3. Haemophilus influenzae type B (HiB): Mild local reactions (erythema, swelling) may occur and usually resolve within 24 hours. Systemic reactions are rare.
    1. OPV: Minute risk of producing poliomyelitis
    2. IPV: Mild local reactions only

Natural Immunity:

Natural immunity is what a child gets either through the mother or by exposure to the organism concerned. Children who have incurred the natural disease of Pertussis (whooping cough), Measles, Mumps, Rubella develop lifelong immunity and need not be given the vaccine. However, it must be kept in mind that receipt of the vaccine will cause no harm.

Simultaneous administration:

Most mothers wonder which vaccines can be given with others and which can not be? DPT, OPV/IPV, MMR, HiB can be given simultaneously without any problem but they should be given at different sites. Hepatitis B vaccine can also be given together with OPV/ DPT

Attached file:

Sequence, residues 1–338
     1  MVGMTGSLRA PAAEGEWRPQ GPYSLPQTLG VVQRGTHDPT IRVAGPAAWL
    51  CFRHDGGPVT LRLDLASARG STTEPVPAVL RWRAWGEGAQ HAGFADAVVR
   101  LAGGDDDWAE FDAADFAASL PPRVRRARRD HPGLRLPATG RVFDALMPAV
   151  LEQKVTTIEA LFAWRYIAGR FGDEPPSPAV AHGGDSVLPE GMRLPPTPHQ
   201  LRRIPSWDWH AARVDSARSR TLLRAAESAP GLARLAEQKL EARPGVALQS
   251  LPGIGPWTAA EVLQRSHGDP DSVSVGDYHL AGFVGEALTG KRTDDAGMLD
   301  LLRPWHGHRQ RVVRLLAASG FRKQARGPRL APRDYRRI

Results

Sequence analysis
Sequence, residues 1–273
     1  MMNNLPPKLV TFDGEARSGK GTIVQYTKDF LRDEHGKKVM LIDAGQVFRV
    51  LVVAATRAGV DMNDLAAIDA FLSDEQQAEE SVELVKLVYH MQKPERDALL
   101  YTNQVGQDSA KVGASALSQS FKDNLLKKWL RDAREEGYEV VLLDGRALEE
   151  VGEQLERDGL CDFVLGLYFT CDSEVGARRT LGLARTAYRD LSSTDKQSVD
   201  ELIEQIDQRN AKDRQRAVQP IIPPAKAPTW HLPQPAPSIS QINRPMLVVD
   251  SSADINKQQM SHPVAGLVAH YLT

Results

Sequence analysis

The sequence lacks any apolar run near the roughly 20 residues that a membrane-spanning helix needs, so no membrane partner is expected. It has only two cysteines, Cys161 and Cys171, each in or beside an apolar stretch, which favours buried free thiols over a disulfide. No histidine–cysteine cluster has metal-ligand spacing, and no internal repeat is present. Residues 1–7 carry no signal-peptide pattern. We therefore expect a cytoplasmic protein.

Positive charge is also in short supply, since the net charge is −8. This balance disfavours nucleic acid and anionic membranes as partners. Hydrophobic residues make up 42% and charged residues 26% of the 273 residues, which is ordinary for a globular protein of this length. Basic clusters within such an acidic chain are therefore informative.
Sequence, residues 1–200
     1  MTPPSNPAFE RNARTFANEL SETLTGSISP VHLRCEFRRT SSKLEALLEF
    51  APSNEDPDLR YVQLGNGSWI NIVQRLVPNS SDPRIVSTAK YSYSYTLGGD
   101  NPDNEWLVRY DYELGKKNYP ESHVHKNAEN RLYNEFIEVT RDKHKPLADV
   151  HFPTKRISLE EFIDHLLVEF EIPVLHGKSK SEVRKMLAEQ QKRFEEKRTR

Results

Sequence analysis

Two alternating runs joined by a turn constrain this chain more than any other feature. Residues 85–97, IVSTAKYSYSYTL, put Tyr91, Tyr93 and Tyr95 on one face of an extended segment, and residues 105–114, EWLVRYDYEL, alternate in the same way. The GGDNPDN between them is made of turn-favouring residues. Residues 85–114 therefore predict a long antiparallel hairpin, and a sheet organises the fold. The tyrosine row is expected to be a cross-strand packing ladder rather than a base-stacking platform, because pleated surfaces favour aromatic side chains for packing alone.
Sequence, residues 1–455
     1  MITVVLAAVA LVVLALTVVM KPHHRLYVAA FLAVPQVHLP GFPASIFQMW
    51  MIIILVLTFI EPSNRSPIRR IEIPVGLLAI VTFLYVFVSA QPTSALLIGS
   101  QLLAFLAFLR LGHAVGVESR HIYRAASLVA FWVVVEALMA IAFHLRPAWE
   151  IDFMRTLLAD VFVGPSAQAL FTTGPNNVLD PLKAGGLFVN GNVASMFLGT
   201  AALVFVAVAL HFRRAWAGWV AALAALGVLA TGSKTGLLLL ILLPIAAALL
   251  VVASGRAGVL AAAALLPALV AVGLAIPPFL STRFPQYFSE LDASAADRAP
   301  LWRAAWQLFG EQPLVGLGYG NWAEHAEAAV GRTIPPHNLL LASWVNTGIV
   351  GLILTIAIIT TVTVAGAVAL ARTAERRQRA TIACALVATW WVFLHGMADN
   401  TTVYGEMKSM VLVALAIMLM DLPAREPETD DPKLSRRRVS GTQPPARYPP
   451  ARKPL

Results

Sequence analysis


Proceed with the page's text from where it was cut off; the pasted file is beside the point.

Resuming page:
The use of the HiB vaccine alongwith diphtheria toxoid does not reduce immunity to diphtheria

BCG vaccine: (Baccile - Calmette - Guerin)

This is a live attenuated vaccine, to be given at birth as protection against Tuberculosis. It is given intradermally in the deltoid region of the left arm.

You may forget that your baby was given the vaccine as the reaction to it comes up after 6 wks. This is in the form of a swelling, which will burst with another 8-10 days. This heals slowly leaving behind a permanent, tiny, round scar upto 8mm in diameter, indicating successful vaccination. Boosters are generally not given. If BCG does not take with 1st attempt, re-vaccination is indicated. Generally given at Government or Municipal dispensaries.